• Reading Online is a journal published by the International Reading Association (IRA). Since 1997, the journal has highlighted practices and research in K - 12 classrooms. There is even a section entitled "The Electronic Classroom." This is an excellent resource for teachers. Added 2/22/01

  • The Reading Village, co-sponsored by TEAMS Distance Learning, Pepperdine University and Loyola Marymount University, provides resources and lesson plans for teachers. You can find links to standards, discussion groups and publication sites.

  • Now that you have created a great project for your students, how are you going to assess it? Here is a web page devoted to creating Rubrics for Web Lessons. This page links to other sites with information on rubrics, as well as a demo copy of rubric-creation software.

  • SchoolHouse Rock, a series of short, animated songs which appeared on television in the 1970's and early 1980's, taught a generation of students about nouns, verbs, adjectives and adverbs. Using this website, you can use the songs to teach a whole new generation of students! This website gives complete lyrics to the songs and links to audio and video downloads. The link below will take you to the high-graphics version of the site, but you can also access the low-graphics version from the initial webpage. Added 7/11/00

  • SCORE (Schools of California Online Resources for Education) Language Arts is sponsored by the San Diego County Office of Education. This page links to California's standards, as well as to CyberGuides. CyberGuides are literature guides for books at each grade level that have student and teacher portions, standards, tasks, evaluation rubrics and web site URLs to visit.

  • Have you or your students ever spent valuable time trying to complete a rhyme? If so, the Semantic Rhyming Dictionary is for you! All you need to do is type a word in the search box, decide if you want a perfect rhyme or a matching end sound, and click submit. You will get a list of rhymes that are linked to an on-line dictionary, just in case you don't know what that one word means. Added 1/20/00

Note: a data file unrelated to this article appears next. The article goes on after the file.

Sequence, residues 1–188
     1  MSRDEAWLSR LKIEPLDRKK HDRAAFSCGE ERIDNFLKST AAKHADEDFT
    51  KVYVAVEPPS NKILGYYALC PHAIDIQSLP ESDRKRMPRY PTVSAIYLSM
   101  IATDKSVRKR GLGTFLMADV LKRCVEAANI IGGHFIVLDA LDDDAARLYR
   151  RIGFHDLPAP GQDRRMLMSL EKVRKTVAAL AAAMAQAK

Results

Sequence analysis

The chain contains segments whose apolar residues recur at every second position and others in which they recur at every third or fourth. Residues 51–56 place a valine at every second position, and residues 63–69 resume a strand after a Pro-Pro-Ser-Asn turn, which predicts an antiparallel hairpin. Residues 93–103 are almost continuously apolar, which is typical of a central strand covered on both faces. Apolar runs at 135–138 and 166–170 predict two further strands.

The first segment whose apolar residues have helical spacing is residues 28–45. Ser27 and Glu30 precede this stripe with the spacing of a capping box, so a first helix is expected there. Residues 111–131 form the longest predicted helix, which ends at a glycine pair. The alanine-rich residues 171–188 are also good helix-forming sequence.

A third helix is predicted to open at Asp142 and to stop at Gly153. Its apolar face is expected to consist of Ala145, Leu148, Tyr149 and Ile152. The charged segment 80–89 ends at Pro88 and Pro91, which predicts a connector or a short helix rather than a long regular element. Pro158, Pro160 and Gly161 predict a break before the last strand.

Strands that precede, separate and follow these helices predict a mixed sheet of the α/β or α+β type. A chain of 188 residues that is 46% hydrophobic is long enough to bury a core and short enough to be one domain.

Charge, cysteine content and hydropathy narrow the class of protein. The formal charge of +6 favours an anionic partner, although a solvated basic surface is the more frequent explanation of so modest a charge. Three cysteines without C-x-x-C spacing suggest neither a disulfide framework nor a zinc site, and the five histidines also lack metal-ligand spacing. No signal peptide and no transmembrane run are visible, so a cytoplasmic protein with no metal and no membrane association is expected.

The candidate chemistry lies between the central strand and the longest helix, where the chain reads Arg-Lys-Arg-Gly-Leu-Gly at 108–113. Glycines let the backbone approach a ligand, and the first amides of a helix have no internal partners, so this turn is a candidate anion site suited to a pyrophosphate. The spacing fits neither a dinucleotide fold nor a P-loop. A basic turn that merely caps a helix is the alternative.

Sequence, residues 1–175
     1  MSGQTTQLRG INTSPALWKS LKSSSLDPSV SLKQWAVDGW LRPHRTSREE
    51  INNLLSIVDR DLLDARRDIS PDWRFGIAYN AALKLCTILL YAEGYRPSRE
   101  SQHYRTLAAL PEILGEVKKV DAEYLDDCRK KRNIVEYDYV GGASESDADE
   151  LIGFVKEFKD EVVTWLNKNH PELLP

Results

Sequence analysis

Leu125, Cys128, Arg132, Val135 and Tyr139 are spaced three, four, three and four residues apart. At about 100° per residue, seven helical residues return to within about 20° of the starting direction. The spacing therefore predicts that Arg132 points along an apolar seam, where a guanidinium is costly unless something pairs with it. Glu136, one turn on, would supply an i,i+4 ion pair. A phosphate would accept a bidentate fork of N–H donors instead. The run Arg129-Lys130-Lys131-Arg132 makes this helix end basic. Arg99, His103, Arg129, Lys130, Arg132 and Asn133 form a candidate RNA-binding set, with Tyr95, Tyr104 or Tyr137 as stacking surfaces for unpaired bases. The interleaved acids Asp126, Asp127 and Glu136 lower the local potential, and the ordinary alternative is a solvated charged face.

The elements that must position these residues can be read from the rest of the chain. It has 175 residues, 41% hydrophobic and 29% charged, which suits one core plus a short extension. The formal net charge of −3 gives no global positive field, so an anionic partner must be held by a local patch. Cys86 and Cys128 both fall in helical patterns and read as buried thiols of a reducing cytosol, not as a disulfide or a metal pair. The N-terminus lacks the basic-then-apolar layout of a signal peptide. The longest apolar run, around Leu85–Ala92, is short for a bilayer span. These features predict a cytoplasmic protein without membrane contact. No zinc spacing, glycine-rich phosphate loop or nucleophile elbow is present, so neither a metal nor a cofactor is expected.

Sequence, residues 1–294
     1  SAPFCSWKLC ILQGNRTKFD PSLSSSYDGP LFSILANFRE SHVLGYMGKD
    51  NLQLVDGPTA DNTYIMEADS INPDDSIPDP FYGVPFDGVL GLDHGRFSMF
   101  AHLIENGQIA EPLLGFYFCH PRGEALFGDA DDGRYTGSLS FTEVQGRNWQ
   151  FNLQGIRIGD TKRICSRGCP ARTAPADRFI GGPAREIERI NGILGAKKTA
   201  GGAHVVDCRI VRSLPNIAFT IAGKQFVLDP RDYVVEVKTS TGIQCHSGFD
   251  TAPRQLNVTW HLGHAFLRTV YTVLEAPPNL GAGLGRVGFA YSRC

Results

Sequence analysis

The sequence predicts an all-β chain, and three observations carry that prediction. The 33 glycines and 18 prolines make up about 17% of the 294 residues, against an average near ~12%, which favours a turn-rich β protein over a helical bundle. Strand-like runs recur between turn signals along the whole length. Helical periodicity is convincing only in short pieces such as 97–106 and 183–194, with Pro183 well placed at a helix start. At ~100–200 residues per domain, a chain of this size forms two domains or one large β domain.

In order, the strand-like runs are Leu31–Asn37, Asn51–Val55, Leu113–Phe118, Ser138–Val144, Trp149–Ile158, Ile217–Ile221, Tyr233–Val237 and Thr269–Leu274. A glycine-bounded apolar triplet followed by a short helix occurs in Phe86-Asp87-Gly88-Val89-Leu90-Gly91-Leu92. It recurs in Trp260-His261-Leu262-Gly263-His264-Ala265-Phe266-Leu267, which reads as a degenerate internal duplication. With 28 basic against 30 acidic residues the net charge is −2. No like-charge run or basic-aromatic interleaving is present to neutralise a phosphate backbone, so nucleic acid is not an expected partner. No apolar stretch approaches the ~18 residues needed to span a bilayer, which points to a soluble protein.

• The Northwest Regional Education Laboratory hosts the official site for the 6+1 Traits™ of Writing. This method of teaching writing, in which students focus on six (or seven, depending) particular traits, such as voice, ideas, word choice and conventions. At this site, you can read information about the program, learn about workshops in various areas, and look at multimedia files of teachers in classrooms. This is an excellent site for all grade levels. Added 4/27/00

  • Small Planet, a communications company, lists lesson plans and resources on its web site. One section worth noting is the Book Club. Classes using the Book Club read a book together and discuss it in both small groups and as a whole class. The teacher can follow lessons provided by Small Planet, and the class can communicate with other students through e-mail and web pages. A book and video with background on the process is for sale from Small Planet, but you do not have to pay to be involved in the online discussions.

  • So You Have to Do a Research Project? is definitely written with students in mind! The site steps students through the process, from finding a topic to locating information, creating a paper or presentation and self-evaluation. The site is not very flashy, but would be extremely helpful. Added 9/25/00

  • The University of St. Thomas in Minnesota has compiled a variety of Study Guides and Strategies for its students. High school students, however, would also benefit from the concise lists of suggestions for writing essays, thinking critically, reading/understanding essays and preparing for tests. Added 2/29/00

  • SurLaLune Fairy Tales site offers annotated versions of traditional fairy tales as well as illustrations and links to other versions of the same tale. The site is especially helpful for that reason, because one of the California content standards for language arts in fourth grade is to compare and contrast tales from different cultures. Added 11/3/00

  • Teachers Helping Teachers also provides good language arts lesson plans at this site. Lessons are presented with a suggested grade level.

  • is a resource for teachers and others. You can find fun sites for students (such as Fun Facts in the Lounge), lesson plans in the Classroom, or software titles and school supplies in the Store.

  • TEAMS Distance Learning, a part of the Los Angeles County Office of Education, has compiled lesson plans for various subject areas. Check out the Language Arts links!

  • The Houghton Mifflin Company has provided an area called TeacherView, where teachers write reviews of children's books and give a related activity or two. The books are organized by grade level (K-8). This would be a great place to find new books to use in your classroom, as well as possible activities. Added 1/14/00